CLOSE
Original image

Meet the Starless Planet That Floats Alone

Original image

Say hello to what may just be the loneliest planet in the universe. CFBDSIR2149—as researchers unromantically refer to this orphan world—doesn't have a traditional solar system to call its own, and instead floats through the galaxy untethered to a larger sun-like body. According to a new report in the journal Astronomy and Astrophysics, its existence is making astrophysicists rethink what they knew about starless planets, which may be more common than previously believed. Here's what you should know about this parent-less object:

What's the planet like?

It's titanic—about four to seven times as massive as Jupiter. The free-floating object "cruises unbound through space relatively close to Earth" at roughly 130 light-years away, says Mike Wall at Space.com. Astronomers caught their first glimpse of CFBDSIR2149 ("2149" for short) while hunting for distant brown dwarf stars, or "failed stars" that never quite become massive enough to kick-start thermonuclear reactions at their cores. It's estimated that the lonely 2149 is between 50 and 120 million years old with a surface temperature of 752 degrees Fahrenheit (relatively cool compared to real stars). What's more: It may be like a lost child following a group of unfamiliar companions.

What does that mean?

The object was pinpointed moving through space among a small group of young stars called the AB Doradus Moving Group star cluster, says Irene Klotz at Discovery News. 2149 stood out among these stars because of its relatively cool temperature. Although it isn't orbiting any of them, there's a 90 percent probability that the oddball planet is "indeed associated with the group," says Space.com's Wall, since all the stars appear to be roughly the same age as it. There's still a small chance that 2149 is an unusually small brown dwarf star, but that means it would have to be billions of years older than its present company. That's why astronomers are pretty sure it's a young planet and not an old, failed star.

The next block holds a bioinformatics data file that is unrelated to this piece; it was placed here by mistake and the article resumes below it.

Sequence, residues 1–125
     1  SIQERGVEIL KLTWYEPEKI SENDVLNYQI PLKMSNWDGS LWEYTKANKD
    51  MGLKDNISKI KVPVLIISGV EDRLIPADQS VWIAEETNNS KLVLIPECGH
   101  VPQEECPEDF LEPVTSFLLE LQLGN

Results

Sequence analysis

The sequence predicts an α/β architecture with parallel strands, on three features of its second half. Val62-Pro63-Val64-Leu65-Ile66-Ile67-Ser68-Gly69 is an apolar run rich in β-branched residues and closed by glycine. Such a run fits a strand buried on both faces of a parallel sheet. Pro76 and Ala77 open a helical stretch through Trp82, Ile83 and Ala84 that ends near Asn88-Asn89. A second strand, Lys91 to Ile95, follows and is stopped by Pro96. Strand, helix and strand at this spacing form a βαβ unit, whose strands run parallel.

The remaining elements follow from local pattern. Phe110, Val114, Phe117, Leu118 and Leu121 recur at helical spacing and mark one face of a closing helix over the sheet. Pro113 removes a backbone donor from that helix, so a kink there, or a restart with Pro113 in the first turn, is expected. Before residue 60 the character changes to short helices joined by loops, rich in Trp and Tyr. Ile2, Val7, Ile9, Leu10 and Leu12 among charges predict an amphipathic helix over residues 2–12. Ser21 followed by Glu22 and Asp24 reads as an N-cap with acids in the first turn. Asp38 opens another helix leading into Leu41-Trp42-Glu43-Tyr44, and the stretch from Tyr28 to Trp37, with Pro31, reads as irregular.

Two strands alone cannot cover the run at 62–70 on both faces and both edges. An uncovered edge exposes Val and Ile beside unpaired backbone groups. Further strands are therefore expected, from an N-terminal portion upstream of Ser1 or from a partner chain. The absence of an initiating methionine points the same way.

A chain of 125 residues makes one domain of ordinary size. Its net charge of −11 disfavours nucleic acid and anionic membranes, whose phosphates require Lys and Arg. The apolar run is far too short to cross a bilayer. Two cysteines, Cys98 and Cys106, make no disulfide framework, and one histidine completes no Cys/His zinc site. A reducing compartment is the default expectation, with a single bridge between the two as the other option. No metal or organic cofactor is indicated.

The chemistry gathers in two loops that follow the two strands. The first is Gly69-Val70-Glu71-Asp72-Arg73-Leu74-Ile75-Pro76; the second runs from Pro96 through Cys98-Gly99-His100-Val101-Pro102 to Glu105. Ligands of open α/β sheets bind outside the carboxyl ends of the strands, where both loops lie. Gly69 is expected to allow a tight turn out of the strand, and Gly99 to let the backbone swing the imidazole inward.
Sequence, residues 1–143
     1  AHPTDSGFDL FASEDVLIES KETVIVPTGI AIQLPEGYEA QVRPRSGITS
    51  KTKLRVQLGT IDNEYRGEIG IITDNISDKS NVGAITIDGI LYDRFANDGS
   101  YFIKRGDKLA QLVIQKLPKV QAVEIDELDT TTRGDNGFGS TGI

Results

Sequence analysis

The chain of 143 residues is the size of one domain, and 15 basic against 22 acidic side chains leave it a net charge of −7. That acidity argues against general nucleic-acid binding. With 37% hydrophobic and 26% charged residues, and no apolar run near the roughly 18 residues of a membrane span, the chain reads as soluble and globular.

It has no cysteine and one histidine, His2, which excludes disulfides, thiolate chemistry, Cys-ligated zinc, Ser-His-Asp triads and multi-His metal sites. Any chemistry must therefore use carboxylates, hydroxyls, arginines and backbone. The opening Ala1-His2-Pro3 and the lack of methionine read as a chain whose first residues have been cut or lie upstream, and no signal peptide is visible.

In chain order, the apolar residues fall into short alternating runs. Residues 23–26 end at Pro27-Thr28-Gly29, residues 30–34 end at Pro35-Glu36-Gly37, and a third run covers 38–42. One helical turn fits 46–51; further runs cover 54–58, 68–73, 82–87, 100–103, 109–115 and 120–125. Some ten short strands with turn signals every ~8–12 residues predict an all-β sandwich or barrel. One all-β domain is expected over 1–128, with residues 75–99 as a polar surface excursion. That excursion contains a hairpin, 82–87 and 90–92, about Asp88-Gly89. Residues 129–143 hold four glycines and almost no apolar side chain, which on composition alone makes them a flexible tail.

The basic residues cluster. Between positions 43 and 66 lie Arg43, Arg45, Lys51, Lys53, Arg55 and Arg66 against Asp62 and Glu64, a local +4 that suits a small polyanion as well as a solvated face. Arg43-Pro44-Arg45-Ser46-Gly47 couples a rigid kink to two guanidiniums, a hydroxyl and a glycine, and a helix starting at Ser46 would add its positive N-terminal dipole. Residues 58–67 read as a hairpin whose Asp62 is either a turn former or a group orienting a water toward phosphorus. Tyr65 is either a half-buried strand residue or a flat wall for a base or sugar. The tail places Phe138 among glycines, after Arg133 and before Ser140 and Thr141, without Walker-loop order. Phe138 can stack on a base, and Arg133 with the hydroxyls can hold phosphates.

How did it end up orphaned?

Scientists aren't sure. Either it formed away from a parent star or was booted out from its original system by gravitational forces. For example, 2149 may have formed originally as part of a solar system, says Michael D. Lemonick at TIME, before it was "sling-shotted out in a close encounter with another planet."

Are there many others like it?

Not at all. A few orphan worlds were discovered in star-forming regions in the constellation Orion, but "this is the first time we have found one outside the cocoon of star-forming regions in the field," says astrophysicist Étienne Artigau at the University of Montreal, who co-discovered the planet. Now scientists are hoping to study the relatively close anomaly more intently — astronomers have already detected the signature of methane and water vapor in 2149's atmosphere. A separate study from 2011 found that if floating planets do in fact support life, they may act as "stepping stones" to spread life around the galaxy.

Sources: Discovery NewsNew ScientistSpace.comTIME

Original image
iStock // Ekaterina Minaeva
technology
arrow
Man Buys Two Metric Tons of LEGO Bricks; Sorts Them Via Machine Learning
May 21, 2017
Original image
iStock // Ekaterina Minaeva

Jacques Mattheij made a small, but awesome, mistake. He went on eBay one evening and bid on a bunch of bulk LEGO brick auctions, then went to sleep. Upon waking, he discovered that he was the high bidder on many, and was now the proud owner of two tons of LEGO bricks. (This is about 4400 pounds.) He wrote, "[L]esson 1: if you win almost all bids you are bidding too high."

Mattheij had noticed that bulk, unsorted bricks sell for something like €10/kilogram, whereas sets are roughly €40/kg and rare parts go for up to €100/kg. Much of the value of the bricks is in their sorting. If he could reduce the entropy of these bins of unsorted bricks, he could make a tidy profit. While many people do this work by hand, the problem is enormous—just the kind of challenge for a computer. Mattheij writes:

There are 38000+ shapes and there are 100+ possible shades of color (you can roughly tell how old someone is by asking them what lego colors they remember from their youth).